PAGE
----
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I struggled at first, thinking that all I do was move or search…why not just sit in one place and wait for the right cards to come allong..piece of boring cake! Not so easy, my budding soloist friends. Every search comes with a penalty…the addition of a Fog card. As there are so many different cards in the deck and only a small number of permutations (small number of cards per location that will actually reveal the Lady) taking this approach leads to disaster, once the fog deck is used up, it is game over. So guesses have to be calculated. Hedging our bets, moving tactically and getting used to the card order all come together as integral parts of the strategy. Me and I urged myself to continue and as I…we became more familiar with the game, how it flowed , how the mechanics worked together etc, I was able to begin working on strategies rather than aimless wandering and all of a sudden the game burst into light. The rules are good so I put a lot of that down to my slow learning curve.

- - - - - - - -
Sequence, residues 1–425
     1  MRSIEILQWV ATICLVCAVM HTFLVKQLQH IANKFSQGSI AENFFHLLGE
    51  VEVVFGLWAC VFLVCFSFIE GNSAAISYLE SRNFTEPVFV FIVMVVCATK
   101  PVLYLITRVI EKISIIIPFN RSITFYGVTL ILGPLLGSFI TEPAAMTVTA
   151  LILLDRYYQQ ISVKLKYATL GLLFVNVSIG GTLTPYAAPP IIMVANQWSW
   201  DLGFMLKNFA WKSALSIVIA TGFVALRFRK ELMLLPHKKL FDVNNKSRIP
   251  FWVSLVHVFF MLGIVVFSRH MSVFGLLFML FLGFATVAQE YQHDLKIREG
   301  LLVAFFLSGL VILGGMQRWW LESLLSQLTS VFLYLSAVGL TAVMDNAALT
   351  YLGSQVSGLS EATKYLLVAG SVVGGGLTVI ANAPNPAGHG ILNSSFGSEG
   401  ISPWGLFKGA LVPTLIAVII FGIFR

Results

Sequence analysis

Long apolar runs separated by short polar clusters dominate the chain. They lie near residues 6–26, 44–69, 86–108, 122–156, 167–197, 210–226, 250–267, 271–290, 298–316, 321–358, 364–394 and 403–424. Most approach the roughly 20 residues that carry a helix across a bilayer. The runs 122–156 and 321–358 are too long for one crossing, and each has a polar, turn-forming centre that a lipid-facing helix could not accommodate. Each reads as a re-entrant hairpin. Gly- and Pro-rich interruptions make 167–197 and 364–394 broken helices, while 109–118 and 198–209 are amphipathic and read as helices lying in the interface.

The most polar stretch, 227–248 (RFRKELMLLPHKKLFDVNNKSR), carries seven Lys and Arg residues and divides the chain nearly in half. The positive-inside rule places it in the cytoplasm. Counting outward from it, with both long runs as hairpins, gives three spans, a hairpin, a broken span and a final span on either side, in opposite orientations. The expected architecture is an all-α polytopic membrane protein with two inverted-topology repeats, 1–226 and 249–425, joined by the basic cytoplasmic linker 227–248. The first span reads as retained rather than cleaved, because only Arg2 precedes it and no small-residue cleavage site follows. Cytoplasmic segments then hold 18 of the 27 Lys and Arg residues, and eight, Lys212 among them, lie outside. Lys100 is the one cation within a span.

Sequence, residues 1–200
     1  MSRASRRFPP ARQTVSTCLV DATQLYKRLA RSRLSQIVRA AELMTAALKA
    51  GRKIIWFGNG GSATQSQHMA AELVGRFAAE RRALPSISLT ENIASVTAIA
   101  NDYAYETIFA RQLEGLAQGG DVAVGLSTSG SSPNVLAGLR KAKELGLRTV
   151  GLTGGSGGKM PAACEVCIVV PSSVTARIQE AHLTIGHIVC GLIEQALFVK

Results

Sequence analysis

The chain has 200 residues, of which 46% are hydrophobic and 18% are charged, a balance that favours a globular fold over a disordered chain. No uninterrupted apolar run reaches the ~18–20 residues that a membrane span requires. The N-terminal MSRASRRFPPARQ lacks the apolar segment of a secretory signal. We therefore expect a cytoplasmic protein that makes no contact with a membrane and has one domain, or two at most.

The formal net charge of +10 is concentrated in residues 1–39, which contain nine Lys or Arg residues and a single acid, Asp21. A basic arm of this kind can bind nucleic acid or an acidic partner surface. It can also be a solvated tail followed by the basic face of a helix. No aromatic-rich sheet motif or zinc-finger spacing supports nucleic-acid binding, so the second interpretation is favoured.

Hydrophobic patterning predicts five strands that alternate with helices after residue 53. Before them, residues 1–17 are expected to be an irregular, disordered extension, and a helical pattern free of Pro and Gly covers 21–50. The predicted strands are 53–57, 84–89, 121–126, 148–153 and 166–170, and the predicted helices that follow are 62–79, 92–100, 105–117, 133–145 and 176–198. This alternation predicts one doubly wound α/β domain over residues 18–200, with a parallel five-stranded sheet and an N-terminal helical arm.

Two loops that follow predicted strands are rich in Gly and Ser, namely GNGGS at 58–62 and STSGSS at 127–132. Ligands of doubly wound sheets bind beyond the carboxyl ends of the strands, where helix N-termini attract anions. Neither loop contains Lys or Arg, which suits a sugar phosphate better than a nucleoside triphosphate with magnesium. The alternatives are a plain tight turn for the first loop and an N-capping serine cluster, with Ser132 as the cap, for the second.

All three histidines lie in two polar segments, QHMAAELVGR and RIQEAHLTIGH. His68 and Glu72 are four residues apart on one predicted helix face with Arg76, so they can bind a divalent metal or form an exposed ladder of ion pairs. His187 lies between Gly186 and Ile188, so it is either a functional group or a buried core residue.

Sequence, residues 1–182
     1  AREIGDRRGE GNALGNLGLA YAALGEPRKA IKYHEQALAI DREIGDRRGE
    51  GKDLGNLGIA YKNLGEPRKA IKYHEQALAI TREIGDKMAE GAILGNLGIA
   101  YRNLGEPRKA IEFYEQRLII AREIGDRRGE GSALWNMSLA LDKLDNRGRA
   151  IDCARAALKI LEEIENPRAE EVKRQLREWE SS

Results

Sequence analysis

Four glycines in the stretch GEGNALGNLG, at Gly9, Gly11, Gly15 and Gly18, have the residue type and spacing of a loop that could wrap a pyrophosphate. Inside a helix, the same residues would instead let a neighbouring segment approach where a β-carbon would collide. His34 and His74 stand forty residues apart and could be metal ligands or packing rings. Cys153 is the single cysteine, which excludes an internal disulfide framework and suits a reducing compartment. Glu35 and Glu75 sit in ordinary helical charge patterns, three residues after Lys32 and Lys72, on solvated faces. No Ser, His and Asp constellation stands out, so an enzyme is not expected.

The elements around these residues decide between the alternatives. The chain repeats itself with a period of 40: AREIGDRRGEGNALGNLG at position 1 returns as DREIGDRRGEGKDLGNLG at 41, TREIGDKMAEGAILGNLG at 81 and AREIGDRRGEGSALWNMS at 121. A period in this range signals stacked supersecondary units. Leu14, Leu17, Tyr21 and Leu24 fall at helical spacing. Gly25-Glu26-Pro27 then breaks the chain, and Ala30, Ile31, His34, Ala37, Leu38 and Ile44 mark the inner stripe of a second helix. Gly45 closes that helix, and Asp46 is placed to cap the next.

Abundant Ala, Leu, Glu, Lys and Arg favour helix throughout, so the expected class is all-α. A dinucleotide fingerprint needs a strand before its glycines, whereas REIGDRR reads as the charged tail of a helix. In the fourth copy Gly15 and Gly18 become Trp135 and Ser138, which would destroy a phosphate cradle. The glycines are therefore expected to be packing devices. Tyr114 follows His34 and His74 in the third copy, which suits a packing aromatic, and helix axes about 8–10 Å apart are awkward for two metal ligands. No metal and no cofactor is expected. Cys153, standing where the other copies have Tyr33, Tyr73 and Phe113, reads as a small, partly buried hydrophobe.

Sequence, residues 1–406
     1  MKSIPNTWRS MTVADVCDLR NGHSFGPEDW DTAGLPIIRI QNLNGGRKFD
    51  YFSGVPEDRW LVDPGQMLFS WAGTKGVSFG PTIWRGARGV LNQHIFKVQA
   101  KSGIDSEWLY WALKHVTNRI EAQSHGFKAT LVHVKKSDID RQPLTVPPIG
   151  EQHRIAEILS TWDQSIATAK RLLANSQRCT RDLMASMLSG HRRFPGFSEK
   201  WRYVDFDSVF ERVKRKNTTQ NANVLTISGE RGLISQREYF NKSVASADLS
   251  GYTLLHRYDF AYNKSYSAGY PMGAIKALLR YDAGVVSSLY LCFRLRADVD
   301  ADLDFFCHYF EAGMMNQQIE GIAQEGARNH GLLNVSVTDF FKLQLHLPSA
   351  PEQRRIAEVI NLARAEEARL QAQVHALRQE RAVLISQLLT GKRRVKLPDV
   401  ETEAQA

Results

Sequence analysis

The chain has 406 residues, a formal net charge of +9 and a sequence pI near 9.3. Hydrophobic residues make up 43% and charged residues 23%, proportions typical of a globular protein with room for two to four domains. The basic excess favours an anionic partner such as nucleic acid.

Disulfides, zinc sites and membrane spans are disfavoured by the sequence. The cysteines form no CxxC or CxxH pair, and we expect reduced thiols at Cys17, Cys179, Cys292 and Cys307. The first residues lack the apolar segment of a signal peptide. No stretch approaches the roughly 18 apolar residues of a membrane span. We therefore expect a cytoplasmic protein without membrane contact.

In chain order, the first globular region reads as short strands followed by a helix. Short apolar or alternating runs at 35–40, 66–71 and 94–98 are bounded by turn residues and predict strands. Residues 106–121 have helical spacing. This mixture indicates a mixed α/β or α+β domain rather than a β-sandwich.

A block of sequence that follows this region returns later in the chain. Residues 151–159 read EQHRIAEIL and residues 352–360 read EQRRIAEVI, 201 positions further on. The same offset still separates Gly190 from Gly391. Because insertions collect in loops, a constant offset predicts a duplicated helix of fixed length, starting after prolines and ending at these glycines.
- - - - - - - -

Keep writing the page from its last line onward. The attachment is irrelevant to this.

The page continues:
Oh it is a real brain hurting, logic deciphering game at times but the more I played, the more I enjoyed the puzzle it set before me.

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Yay or Nay?

Old Shakespeare may have known who this illusive character was…especially as she was rumoured to have tweaked his heart-strings whilst carrying on in an equally unscrupulous manner with one of his pals…but either way this game has managed to deduce a BSoMT d8 die roll of (6) I suspect this score will rise as I play the game more and I think a production copy holds great potential. For those soloists out there that want a testing brain puzzler, this is a high recommend.

 

Outro:

…and so, without much of a do I find this codpiece chafing something rotten

turns back on vulgar gaze of the audience as said garment is unceremoniously removed

Now off to London Bridge I must go, oft mistaken for Tower bridge, and a clue doth await my  powers of deduction for a Dark lady of mystery I must chase down…

*legs it off stage right but then runs sheepishly back across stage as London bridge is off stage left…poor misguided fool…


 

Something For The Weekend, Sir?

Black Sonata on BGG: https://www.boardgamegeek.com/boardgame/231218/black-sonata

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Side Room Games website: https://t.co/GPqnxXb8gF

Designer Diaries: https://t.co/tz0snDqaGy

Side Room Games on Twitter: